In cases of ransomware, hackers will often demand ransom payments in the form of cryptocurrency (particularly bitcoin) in order to decrypt the files. However, such hackers are cybercriminals and payments to them may be restricted by the Office of Foreign Assets Control (OFAC). Companies may need to undertake due diligence on the hackers before making a payment that may engender legal culpability, potentially including steep fines and even criminal penalties. Ransom cannot legally be paid to individuals, business entities, governments or foreign nationals on OFAC’s currently sanctioned country list, nor to individuals or entities on the U.S. list of known international terrorists and terrorist organizations. These are strict liability offenses with penalties up to $20 million and imprisonment.
Even assuming it can make payment without incurring such legal exposure, a target company will presumably need to obtain the required number of bitcoins first (since few maintain bitcoin accounts in the normal course). Moreover, after making such payment, decryption of files can take days, weeks, and even months, and some files may likely be lost entirely. To make rational judgments, target companies must weigh these various costs (e.g., data loss, business interruption, reputational harm, etc.), the ransom demanded and the costs to get the business back up and running (in addition to the risk to the target of inviting further ransomware attacks from cybercriminals who learn that it paid a ransom).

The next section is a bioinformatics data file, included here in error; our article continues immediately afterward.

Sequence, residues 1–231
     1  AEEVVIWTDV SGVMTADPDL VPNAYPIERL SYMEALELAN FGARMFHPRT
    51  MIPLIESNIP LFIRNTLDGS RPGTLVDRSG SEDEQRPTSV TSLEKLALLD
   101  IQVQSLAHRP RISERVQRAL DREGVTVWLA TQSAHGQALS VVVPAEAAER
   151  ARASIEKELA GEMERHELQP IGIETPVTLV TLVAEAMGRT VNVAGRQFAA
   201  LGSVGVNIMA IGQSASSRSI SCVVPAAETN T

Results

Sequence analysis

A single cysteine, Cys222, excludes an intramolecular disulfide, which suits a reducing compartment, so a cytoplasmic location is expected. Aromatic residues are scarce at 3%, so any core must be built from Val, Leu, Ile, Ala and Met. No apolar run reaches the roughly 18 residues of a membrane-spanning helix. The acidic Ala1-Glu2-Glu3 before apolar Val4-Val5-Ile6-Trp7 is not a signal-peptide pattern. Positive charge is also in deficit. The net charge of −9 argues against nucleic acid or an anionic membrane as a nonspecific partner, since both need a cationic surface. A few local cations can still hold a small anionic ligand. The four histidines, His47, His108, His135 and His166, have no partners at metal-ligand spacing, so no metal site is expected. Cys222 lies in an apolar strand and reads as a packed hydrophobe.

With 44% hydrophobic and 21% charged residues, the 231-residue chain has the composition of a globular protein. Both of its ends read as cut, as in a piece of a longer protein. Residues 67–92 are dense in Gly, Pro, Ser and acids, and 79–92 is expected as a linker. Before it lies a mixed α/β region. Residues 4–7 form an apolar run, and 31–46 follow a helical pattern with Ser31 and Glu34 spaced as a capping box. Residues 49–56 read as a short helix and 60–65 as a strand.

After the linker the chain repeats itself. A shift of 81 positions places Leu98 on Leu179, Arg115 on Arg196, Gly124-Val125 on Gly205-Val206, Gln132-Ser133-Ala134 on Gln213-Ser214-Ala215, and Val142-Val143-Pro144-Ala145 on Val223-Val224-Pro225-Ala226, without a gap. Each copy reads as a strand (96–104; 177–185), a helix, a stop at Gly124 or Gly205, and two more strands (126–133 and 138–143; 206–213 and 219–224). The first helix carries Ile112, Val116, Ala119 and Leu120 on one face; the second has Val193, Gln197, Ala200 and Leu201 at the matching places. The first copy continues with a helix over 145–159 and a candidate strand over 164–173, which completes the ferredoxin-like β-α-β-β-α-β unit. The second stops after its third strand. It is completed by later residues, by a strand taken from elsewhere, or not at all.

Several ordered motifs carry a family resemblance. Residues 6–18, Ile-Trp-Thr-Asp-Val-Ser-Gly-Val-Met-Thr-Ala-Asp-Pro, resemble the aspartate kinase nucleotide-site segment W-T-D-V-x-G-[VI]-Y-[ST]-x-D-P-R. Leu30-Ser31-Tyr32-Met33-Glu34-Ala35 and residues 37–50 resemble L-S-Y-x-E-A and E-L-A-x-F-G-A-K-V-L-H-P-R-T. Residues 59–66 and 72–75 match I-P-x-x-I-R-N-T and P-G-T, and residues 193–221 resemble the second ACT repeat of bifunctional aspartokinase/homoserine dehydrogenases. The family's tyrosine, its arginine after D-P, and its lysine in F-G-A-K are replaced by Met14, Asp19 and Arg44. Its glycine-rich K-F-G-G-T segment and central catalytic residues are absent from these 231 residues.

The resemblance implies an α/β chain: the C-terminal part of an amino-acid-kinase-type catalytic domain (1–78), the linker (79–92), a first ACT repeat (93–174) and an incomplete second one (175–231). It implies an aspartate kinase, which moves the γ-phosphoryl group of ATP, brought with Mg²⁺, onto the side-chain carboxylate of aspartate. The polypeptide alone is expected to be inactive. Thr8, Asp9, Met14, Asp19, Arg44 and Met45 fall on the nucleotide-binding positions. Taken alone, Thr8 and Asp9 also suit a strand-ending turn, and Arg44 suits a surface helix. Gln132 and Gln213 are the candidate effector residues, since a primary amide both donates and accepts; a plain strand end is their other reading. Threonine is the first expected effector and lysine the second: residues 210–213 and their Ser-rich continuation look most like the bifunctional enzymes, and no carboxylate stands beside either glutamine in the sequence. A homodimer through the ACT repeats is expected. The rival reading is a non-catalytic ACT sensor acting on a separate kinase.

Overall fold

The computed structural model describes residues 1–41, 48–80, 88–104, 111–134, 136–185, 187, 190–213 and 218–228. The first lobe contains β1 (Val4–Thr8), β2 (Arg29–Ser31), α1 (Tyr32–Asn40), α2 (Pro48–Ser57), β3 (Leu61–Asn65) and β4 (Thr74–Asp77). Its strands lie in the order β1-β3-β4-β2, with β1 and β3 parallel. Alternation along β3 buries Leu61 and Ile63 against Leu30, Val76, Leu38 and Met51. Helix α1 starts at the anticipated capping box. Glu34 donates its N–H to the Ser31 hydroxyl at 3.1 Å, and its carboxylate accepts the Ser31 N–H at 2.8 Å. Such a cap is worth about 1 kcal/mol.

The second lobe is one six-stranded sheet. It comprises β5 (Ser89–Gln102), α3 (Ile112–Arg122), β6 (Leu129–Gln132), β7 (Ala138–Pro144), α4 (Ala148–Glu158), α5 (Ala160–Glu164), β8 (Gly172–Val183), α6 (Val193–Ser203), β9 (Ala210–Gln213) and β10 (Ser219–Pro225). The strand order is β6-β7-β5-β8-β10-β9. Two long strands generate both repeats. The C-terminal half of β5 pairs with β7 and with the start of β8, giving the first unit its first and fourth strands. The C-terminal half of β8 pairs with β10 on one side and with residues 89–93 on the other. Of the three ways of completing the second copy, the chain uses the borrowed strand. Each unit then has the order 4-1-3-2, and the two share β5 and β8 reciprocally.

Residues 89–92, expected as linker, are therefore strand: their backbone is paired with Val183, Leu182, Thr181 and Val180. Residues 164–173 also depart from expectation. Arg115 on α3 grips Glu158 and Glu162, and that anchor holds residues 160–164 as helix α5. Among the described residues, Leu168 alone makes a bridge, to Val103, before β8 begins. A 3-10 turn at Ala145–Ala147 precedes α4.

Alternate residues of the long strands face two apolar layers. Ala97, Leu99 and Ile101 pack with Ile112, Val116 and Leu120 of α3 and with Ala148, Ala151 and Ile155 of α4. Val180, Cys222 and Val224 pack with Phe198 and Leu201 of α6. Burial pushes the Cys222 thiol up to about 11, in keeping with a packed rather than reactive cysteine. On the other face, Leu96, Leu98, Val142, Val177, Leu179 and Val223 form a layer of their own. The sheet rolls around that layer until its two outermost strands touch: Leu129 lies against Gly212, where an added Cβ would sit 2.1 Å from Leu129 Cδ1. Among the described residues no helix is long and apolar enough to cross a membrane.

A target company should also keep in mind that while it may or may not have a legal duty to contact law enforcement authorities, they can often be a very helpful resource. The FBI has a cybercrimes unit that may be able to identify the particular criminals, know what types of decryption tools would be used and understand how “reliable” they are. (i.e., will they actually decrypt files if the ransom is paid?) Conversely, involving law enforcement may result in certain information becoming public (e.g., to help others prevent and mitigate such breaches in the future), which few companies view as in their best interest.
In conjunction with the foregoing, consideration should be given to whether insurance may cover payment of a ransom and/or breach mitigation and what steps may need to be taken to ensure coverage.
Again, qualified counsel can help a target company navigate all of the legal implications of the foregoing options, while cloaking deliberations over same with attorney-client privilege.
How Can You Protect Your Company?
More proactively, there are a number of things you can do to protect your company against data breaches and ransomware attacks before they occur.